Each time you apologize without giving external excuses, take advantage of an invite to go somewhere you have never been, or speak our hopes out loud without fear of failure. This way, you are stepping into the life you were always meant for.

10. Note That You Are on Nobody’s Timeline but Your Own

Comparison is the enemy of progress, so don’t be distracted by what others are up to. Stay in touch with the “personal why” that drives you to build a life you love. With newfound resolve, push forward with attention to the fact that there may be collateral damage.

When you have been participating as a victim in your life, some people will not be ready to see you show up differently. Don’t be alarmed. You may have to teach others how to be part of your life in a new way. If they aren’t up for it, try not to take it too personally.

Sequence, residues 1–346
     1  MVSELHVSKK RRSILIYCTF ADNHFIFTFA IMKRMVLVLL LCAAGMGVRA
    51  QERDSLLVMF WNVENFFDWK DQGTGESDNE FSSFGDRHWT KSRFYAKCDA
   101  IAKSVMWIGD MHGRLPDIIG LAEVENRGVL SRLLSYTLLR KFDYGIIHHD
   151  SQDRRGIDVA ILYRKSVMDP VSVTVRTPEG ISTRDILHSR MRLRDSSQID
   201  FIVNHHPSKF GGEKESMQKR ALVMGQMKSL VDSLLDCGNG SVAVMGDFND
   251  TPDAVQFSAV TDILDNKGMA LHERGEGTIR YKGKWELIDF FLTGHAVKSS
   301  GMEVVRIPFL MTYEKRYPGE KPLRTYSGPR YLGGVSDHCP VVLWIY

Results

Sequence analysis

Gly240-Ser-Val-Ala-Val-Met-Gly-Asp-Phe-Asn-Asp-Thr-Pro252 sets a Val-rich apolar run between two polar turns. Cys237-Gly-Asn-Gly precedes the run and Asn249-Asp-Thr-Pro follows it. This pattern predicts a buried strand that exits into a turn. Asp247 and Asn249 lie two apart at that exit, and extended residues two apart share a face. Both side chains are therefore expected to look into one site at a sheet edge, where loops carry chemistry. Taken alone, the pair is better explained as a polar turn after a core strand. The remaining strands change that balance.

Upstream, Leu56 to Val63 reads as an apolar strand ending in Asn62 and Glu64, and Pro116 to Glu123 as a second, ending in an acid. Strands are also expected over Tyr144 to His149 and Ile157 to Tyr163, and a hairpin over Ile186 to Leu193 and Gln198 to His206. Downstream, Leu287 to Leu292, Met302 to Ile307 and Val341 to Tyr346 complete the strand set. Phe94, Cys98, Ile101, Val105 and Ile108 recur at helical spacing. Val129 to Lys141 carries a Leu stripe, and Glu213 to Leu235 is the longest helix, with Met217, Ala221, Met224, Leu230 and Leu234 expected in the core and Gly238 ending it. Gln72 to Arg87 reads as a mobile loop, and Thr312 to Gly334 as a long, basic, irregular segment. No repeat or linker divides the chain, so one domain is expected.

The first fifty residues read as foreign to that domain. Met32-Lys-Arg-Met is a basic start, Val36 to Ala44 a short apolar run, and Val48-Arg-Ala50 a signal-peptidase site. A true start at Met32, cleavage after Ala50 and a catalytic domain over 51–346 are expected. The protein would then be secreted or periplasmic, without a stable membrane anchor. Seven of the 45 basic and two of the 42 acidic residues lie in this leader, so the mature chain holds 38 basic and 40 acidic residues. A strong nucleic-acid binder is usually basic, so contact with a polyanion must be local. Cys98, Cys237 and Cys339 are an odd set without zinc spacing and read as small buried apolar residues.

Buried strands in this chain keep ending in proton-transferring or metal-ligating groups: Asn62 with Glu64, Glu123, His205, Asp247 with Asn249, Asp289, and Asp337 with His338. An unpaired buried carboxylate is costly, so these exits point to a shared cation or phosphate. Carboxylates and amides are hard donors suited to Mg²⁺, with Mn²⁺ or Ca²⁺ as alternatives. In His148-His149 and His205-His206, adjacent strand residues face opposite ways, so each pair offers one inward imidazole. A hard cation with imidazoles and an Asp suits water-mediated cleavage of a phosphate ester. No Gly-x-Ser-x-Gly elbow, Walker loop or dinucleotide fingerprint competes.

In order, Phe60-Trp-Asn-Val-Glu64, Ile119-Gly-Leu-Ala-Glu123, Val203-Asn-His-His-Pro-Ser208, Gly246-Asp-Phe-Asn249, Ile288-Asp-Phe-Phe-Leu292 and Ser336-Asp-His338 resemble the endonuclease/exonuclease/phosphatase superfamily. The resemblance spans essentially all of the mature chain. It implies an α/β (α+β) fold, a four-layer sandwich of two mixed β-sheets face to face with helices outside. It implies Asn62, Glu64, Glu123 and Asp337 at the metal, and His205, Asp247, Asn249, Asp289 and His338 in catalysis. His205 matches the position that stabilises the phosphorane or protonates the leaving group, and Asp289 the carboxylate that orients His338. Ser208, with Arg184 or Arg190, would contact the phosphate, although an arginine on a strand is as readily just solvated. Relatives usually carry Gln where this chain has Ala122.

11. Set up Your Own Honor System

There will be hiccups in your path, so you should plan for how you will face these hiccups without making any excuses. Taking ownership means staying committed even when it’s not convenient. This also means taking responsibility and setting up your honor system.

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12. Design the Life You Want to Live

Let’s make a list of all of the things that we want for ourselves. With some direction, we can go out there and tackle them one thing at a time.

Do you want to start your own business? Say goodbye to a toxic friend? Find a new role with a better work-life balance? There is no limit to what is possible when we are dedicated to our agenda.

You are equipped with the skills you need to make our dreams come true, but don’t rush it. Take the time to enjoy the ride.

13. Make the Hard Choice

Agency is a tricky thing. Sometimes, the right thing to do and the hard thing to do are the same. There is no room for righteousness only if you want to stop playing the victim, especially when you have to make a difficult choice.

14. Maintain Your Humor